Truckload of cheese catches fire in tunnel
TYSFJORD, Norway, Jan. 23 (UPI) -- Authorities in Norway said a tunnel is closed after a truck carrying 29.8 tons of goat cheese caught fire in transit.
Police said the truck caught fire while traveling through the Brattli Tunnel in Tysfjord Jan. 17 and the cargo, caramelized brown goat cheese, kept the fire burning for five days, Norwegian broadcaster NRK reported Wednesday.
No injuries were reported from the blaze.
Officer Viggo Berg said the high concentration of fat and sugar in the cheese can cause it to burn "almost like petrol if it gets hot enough."
Geologist Viggo Aronsen said the tunnel is likely to remain closed for several weeks.
"We can't go in until it's safe," Aronsen said.
Kjell Bjoern Vinje of the Norwegian Public Roads Administration said he was unaware of any previous incidents involving cheese catching fire on a road, the BBC reported.
"I didn't know that brown cheese burns so well," he said.
Police: Man hid camera for breast pumping
PORTLAND, Ore., Jan. 23 (UPI) -- Authorities in Oregon said a man was arrested for allegedly hiding a camera on a co-worker's desk to record her using a breast pump.
Portland Police Sgt. Pete Simpson said Russell Gordon, 44, allegedly concealed the pen camera on his co-worker's desk at the MB&G consulting firm, where he has been employed as IT manager for more than 10 years, KGW-TV, Portland, reported Wednesday.
The woman discovered the camera and turned it in to supervisors.
"Investigators determined that Gordon placed the camera on the victim's desk to capture her use of a breast pump. There's no other suspect but this man, on video quite clearly setting this pen in the area," Simpson said.
Gordon was booked into the Multnomah County Jail on charges of second-degree burglary and invasion of privacy.
"We have all felt victimized. When the trust is gone, we're left shocked," MB&G President Steve Fairweather said.
UFO may have been military plane
AMHERST, Mass., Jan. 23 (UPI) -- Authorities said a military plane was flying over Massachusetts during reported UFO sightings, but a military spokesman said the descriptions don't match.
Federal Aviation Administration spokesman James Peters said agency officials at Bradley International Airport reviewed radar data from Jan. 8 when residents in the Amherst and Pelhem area reported a mysterious aircraft traveling slowly and unusually low over the area from 5:45 to 6:15 p.m., the Daily Hampshire Gazette reported Wednesday.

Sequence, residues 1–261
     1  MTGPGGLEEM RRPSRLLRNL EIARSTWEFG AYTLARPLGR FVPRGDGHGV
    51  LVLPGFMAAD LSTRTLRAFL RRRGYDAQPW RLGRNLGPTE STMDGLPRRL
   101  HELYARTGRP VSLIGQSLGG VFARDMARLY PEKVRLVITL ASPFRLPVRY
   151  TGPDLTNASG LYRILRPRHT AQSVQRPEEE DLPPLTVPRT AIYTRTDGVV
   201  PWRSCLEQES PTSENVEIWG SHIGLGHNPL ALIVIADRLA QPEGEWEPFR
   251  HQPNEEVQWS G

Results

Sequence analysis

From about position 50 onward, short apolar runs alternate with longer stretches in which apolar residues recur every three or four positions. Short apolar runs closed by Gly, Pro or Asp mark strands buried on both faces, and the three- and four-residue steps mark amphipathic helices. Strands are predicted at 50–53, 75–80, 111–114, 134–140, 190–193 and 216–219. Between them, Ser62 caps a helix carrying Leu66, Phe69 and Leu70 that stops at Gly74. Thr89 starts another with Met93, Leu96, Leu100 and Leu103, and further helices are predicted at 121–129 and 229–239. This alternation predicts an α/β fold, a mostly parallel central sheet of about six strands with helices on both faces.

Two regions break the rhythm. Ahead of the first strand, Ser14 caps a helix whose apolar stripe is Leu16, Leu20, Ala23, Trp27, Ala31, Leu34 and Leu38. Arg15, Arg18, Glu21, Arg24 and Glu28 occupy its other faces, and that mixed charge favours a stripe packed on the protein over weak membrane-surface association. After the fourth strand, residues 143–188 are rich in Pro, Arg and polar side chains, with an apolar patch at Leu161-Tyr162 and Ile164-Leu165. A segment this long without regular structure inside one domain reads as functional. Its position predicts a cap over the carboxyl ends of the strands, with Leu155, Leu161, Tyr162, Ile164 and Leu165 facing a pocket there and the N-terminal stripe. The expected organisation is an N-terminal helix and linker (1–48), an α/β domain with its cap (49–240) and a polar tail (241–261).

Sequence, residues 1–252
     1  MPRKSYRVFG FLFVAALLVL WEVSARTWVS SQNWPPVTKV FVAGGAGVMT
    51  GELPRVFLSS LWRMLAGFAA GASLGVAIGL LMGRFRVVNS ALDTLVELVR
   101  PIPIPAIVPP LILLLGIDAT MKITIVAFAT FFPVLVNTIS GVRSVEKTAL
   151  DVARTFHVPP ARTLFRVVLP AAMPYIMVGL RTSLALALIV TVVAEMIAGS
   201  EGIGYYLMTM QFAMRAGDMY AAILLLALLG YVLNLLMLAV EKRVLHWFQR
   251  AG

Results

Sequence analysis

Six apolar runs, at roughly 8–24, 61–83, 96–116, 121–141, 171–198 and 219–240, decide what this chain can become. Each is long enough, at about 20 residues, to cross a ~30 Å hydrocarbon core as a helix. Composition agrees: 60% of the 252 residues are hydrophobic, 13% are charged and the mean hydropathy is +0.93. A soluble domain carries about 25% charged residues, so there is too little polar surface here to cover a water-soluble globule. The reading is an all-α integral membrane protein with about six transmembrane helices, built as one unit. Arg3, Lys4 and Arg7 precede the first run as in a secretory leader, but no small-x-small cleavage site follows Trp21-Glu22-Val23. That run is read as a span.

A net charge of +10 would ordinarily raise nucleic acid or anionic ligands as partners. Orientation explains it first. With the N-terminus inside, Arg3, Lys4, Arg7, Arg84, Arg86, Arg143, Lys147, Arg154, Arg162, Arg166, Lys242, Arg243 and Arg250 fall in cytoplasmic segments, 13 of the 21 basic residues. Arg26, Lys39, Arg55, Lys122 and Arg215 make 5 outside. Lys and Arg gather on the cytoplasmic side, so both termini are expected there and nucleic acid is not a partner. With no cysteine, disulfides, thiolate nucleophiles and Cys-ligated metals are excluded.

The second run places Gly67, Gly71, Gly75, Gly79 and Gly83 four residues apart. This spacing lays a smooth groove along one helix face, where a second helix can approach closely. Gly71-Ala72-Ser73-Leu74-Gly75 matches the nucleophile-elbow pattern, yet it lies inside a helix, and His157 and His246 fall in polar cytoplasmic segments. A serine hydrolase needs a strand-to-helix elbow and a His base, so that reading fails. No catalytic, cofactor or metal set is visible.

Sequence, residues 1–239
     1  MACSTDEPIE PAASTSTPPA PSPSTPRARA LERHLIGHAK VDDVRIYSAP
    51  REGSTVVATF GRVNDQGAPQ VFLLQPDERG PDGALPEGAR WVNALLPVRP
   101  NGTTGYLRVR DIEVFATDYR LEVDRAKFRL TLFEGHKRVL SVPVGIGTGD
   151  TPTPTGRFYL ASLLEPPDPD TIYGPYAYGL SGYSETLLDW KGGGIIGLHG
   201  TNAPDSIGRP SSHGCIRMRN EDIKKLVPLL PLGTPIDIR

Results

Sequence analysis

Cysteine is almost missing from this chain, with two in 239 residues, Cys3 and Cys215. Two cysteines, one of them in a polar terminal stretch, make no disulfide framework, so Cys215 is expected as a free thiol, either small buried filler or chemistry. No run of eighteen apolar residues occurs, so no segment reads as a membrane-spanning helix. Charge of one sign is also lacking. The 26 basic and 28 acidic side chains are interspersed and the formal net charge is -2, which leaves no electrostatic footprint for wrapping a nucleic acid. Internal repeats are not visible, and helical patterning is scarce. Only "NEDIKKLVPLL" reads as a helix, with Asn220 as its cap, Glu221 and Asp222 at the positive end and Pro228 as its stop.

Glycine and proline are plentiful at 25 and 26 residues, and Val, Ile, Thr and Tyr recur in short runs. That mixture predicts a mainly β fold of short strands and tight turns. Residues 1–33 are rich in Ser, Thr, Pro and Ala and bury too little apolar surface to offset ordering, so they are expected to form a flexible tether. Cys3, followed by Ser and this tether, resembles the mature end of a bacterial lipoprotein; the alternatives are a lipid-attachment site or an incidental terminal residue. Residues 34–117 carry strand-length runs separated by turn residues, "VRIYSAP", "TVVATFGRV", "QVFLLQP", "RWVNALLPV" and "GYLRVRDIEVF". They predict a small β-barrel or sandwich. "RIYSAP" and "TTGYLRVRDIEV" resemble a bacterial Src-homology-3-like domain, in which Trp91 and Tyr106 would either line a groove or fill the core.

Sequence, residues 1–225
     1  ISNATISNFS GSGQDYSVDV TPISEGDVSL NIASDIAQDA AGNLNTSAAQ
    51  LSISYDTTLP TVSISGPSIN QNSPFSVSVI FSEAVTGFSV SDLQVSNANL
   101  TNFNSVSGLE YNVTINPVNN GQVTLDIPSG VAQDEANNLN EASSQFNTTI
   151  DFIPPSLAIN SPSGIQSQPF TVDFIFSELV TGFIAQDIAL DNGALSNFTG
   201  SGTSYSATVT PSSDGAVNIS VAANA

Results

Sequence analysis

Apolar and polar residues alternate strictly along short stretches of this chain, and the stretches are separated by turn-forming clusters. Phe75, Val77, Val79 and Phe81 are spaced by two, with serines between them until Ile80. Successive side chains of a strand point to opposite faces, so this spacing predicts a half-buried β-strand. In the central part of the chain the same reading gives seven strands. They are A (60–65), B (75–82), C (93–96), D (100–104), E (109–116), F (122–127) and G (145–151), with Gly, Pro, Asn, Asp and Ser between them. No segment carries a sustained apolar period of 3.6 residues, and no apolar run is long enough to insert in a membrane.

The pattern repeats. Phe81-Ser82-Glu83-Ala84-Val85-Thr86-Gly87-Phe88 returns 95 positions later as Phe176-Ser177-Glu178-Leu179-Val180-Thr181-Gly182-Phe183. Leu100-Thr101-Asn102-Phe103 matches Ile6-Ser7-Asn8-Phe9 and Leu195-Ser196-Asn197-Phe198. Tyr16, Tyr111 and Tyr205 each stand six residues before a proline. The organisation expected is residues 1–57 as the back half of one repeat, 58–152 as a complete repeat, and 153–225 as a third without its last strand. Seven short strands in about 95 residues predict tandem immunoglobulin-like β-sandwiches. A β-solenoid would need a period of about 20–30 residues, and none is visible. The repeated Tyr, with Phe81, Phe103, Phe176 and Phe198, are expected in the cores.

"The only aircraft that was operating in the area was a military aircraft doing practice approaches to Westover [Air Reserve Base]," Peters wrote in an email to the Northampton newspaper.
Lt. Col. James Bishop, Westover's chief of public affairs, said the aircraft was a C5 cargo plane. However, he said the C5, one of the world's largest aircraft, does not match the description of the craft reported by residents. The residents said the object appeared to be triangular or diamond shaped and about the size of two or three cars. They said it appeared to travel silently at a low altitude.
"There's just no mistaking that," Bishop said. "It's quite a loud sound and quite a big aircraft," he said of the cargo plane.
Girl scolded in class for paper gun
PHILADELPHIA, Jan. 23 (UPI) -- A Philadelphia woman said her daughter's elementary school overreacted when the girl was searched and scolded for possessing a paper gun.
Dianna Kelly said her daughter, fifth-grader Melody Valentin, was reprimanded by a school administrator at Newlin Fell Elementary School and had her belongings searched last week when she pulled out a paper gun her grandfather had made, WTXF-TV, Philadelphia, reported Wednesday.
Valentin said she decided to throw the folded-paper object away when she discovered it in her bag, but it was spotted by a boy who summoned administrators.
"He yelled at me and said I shouldn't have brought the gun to school and I kept telling him it was a paper gun but he wouldn't listen," Valentin said.
WTXF-TV said it was unable to reach school officials for comment. The School District of Philadelphia said it had not yet spoken to officials at the school about the incident.